Two equals one and one equals none, so goes the Navy SEAL adage about redundancy in equipment. A second gun concealed on your person can be a lifesaver.
For years the BUG (Back-up Gun) has held a vital role in officer safety, but with the high-capacity pistols most officers now carry, the practice has fallen out of favor. It is as tactically sound today as it was years ago, and we'll examine why.
Dateline--Tampa, Florida, June 2008: Jorge Bello arrives at the home of his estranged wife, armed with a handgun. Bello sneaks into the home through the garage and shoots his wife, a male, and another female victim as they sit on the rear porch. Subsequent to the shooting, Bello's pick-up truck is stopped by two deputies. Bello immediately opens fire, hitting both officers. One of the wounded deputies takes cover in a ditch, but Bello attacks the officer, attempting to disarm him in what the local media report as a "life and death struggle." Fortunately, the deputy was able to thwart Bello's attack, and another deputy shot Bello in the head, killing him.
Officers that are disarmed are frequently murdered by their own weapon. What if Bello had disarmed the officer?
Reasons to Carry a BUG
The primary reasons to carry a back-up are:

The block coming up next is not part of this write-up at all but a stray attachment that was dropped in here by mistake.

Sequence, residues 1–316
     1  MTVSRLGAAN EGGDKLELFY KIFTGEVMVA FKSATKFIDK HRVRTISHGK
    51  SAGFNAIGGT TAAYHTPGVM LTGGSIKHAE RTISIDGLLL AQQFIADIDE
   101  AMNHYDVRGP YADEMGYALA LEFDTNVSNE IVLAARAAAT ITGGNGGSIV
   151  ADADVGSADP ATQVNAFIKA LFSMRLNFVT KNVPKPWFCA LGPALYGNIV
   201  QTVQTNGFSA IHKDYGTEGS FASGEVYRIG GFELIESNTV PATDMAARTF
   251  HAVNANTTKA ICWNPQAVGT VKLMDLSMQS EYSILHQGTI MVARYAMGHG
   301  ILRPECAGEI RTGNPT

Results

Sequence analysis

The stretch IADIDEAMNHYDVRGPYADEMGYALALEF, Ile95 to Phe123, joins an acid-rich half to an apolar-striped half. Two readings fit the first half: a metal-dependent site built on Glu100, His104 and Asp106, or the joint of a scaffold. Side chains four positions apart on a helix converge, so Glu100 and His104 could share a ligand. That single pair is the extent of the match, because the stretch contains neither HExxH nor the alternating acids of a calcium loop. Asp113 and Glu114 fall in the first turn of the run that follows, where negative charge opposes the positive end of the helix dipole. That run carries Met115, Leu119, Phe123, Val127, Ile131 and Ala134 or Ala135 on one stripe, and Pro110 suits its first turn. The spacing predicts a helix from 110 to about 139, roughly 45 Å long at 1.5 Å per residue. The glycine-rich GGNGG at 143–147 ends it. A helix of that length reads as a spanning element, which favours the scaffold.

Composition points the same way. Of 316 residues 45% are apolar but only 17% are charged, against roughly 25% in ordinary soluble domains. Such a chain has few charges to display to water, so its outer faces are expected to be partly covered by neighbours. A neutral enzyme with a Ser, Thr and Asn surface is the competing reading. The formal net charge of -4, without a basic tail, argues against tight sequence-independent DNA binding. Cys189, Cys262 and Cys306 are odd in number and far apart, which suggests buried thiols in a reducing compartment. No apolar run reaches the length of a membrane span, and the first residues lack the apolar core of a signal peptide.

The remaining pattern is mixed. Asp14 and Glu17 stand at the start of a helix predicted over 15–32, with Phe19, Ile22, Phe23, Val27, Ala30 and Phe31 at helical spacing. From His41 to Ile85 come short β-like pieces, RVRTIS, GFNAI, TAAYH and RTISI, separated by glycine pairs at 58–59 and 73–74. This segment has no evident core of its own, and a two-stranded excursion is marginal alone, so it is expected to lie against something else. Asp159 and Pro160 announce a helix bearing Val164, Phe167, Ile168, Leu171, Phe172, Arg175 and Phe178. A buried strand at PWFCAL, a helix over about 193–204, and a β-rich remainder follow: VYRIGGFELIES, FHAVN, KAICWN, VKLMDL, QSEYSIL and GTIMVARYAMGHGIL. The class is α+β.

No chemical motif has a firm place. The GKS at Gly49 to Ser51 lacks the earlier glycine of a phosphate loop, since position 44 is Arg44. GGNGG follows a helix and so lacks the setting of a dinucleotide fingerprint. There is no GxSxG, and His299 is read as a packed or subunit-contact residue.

I suppose that since man has carried a handgun, he has had to deal with these issues. From the days of flintlocks, when pirates would carry multiple handguns on cords around their necks while raiding ships, to Civil War troops on horseback who carried multiple revolvers, to Old West lawmen who carried a brace of Colts, up to police personnel of the past and current century, armed with six-shot revolvers, who carried a five-shooter in a pocket; in all that time, a second or back-up handgun has been a sound tactical decision. Of course, black powder revolvers were vastly less reliable than today's modern ammunition and semi-auto pistols, but the motivations to carry a BUG are still omnipresent. Yes, I know that you are hyper-aware of your environment and no one is going to get the drop on you. Yes, I know that modern holsters have reduced gun takeaways. Yes, you have trained in handgun retention techniques. Yes, you wear your vest on every shift and carry a knife clipped to your pocket or waistline as well. I know all of that, but I also know that at any moment you can be attacked and disarmed of your handgun in a fight for your life! I also know that a concealed back-up gun is a better life-saving instrument than a knife or shaking a fist at your assailant in defiance.